Why do I need line rental with my broadband?

BT Openreach engineer up a pole

A lot of broadband packages have something extra added to their monthly cost - line rental. But that sounds like a phone line, not broadband… what’s going on here?

The truth of the matter is that a lot of providers can only connect your broadband if you pay for this mysterious line rental. Here's why.

Why do I need line rental?

Broadband from most providers is delivered via phone lines. Whether that line is being used for getting online or for making calls, the cost of maintaining it is the same - so providers need to charge for it.

The majority of providers in the UK use Openreach to get their services to you, which works entirely through the copper phone lines of BT's national network. What that means is that there's a fairly good chance you'll need a phone line for your broadband, regardless of which provider you choose.

It doesn't mean you have to have a phone attached - the line itself just has to be active.

How it affects your broadband package

Providers used to present your broadband price as two separate costs: the cost of the broadband, plus the cost of the line rental. It made things a bit confusing - you'd think you were signing up for £5-per-month broadband, only to then discover there was an £18 monthly line rental charge on top of that. Grr.

However, those days are now behind us. As of 31 October 2016, the ASA (Advertising Standards Authority) ruled that providers must make their costs much clearer. Now, you'll be shown a single price to pay each month that covers both the broadband and line rental. It's far more straightforward.

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Almost all broadband packages include line rental, and you can usually upgrade to a better home phone package too - to include anytime calls, for example.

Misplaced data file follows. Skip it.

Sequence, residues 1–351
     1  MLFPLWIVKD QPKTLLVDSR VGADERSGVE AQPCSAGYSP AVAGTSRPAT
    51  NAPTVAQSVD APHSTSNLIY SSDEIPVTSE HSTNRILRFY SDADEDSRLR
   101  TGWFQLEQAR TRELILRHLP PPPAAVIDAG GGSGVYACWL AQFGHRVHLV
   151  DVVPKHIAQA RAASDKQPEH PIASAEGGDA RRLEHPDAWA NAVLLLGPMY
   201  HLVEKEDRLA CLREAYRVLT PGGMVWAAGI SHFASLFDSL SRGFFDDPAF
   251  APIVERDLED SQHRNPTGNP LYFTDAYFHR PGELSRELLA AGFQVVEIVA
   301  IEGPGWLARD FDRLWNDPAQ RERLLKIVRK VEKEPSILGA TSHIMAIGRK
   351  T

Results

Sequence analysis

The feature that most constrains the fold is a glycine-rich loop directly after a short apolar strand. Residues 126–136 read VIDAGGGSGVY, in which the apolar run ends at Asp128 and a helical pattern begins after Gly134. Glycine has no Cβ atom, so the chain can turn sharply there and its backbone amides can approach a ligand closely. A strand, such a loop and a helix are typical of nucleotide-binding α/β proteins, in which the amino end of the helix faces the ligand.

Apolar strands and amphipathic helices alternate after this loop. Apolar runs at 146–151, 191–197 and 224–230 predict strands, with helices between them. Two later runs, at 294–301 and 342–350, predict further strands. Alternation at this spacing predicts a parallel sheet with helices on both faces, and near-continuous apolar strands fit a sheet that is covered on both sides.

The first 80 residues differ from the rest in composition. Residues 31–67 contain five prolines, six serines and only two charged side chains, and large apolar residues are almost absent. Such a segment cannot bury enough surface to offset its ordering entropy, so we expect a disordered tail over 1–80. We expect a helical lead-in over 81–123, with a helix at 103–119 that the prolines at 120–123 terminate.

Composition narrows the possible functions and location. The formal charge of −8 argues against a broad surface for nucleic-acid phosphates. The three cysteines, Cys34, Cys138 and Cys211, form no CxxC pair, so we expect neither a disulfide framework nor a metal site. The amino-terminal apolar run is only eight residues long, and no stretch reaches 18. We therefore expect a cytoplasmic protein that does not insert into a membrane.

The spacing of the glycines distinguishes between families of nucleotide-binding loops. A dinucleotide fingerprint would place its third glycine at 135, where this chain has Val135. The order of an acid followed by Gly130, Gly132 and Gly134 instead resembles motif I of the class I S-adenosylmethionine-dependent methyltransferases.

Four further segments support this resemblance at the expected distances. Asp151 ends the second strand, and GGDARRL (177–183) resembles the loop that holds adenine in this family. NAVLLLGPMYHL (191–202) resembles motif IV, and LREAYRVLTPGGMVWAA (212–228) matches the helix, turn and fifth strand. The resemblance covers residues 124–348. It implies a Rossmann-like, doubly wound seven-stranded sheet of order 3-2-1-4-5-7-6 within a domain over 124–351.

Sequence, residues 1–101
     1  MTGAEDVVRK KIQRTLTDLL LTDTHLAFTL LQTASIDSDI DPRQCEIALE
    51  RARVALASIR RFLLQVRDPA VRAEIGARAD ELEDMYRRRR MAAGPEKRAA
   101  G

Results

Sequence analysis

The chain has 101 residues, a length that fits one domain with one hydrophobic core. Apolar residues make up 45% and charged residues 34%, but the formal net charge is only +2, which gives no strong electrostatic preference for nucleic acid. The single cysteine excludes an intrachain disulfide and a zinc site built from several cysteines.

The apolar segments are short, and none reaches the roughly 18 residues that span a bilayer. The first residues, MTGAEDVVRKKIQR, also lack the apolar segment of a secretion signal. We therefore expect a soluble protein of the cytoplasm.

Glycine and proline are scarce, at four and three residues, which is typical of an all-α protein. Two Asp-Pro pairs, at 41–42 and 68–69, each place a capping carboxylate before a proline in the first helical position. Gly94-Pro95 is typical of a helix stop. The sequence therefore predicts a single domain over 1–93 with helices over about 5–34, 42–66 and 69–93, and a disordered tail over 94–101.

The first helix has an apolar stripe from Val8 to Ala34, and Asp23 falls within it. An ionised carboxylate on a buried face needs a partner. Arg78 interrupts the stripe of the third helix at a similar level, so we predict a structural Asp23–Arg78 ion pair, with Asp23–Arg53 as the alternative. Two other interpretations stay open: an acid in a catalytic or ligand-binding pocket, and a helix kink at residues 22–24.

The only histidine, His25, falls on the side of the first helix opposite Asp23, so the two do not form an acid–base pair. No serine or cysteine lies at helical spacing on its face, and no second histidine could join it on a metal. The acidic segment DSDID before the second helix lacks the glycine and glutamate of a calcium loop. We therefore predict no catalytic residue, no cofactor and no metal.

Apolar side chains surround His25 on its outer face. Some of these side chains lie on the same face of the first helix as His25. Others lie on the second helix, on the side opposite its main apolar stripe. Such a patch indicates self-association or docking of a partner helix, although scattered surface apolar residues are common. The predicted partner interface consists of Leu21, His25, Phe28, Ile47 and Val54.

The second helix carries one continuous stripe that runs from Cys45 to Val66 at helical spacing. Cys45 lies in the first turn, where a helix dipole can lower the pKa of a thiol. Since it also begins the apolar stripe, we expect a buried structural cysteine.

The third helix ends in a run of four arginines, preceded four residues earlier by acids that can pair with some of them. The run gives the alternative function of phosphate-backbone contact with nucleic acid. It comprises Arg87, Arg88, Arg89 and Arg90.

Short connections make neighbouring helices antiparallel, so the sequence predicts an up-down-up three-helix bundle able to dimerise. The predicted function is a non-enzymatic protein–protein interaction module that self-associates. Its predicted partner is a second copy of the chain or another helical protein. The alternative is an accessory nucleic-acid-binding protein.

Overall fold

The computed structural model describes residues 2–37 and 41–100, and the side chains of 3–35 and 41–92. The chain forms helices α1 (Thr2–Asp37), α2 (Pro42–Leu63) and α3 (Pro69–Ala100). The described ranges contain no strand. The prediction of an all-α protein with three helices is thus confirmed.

Then again, if you're really not a fan of line rental, you can always grab a landline-free, broadband-only package…

Broadband without a phone line

Only a couple of providers offer broadband that doesn't have line rental at all. That includes Virgin Media, which has its own broadband networks separate from BT. It works a little differently, meaning a landline isn't always necessary.

Other options include mobile broadband, which is delivered via 4G like a mobile network, or satellite broadband. Neither, however, are quite as reliable as a standard wired home connection.

Woman on landline phone

Home phone

On the other hand, if you do want to make phone calls, you might prefer to get a few extras with a proper package. A lot of them offer fun things like inclusive calls, voicemail, calls to other countries, and mobile apps to use your home phone minutes when you're connected to Wi-Fi elsewhere.

Some providers even include a few of these features - like evening or weekend calls to UK landlines - in with their standard line rental.

And, of course, you can get line rental without broadband attached to it. Perfect for a household that doesn't use the internet, or areas where you're better off with wireless broadband.

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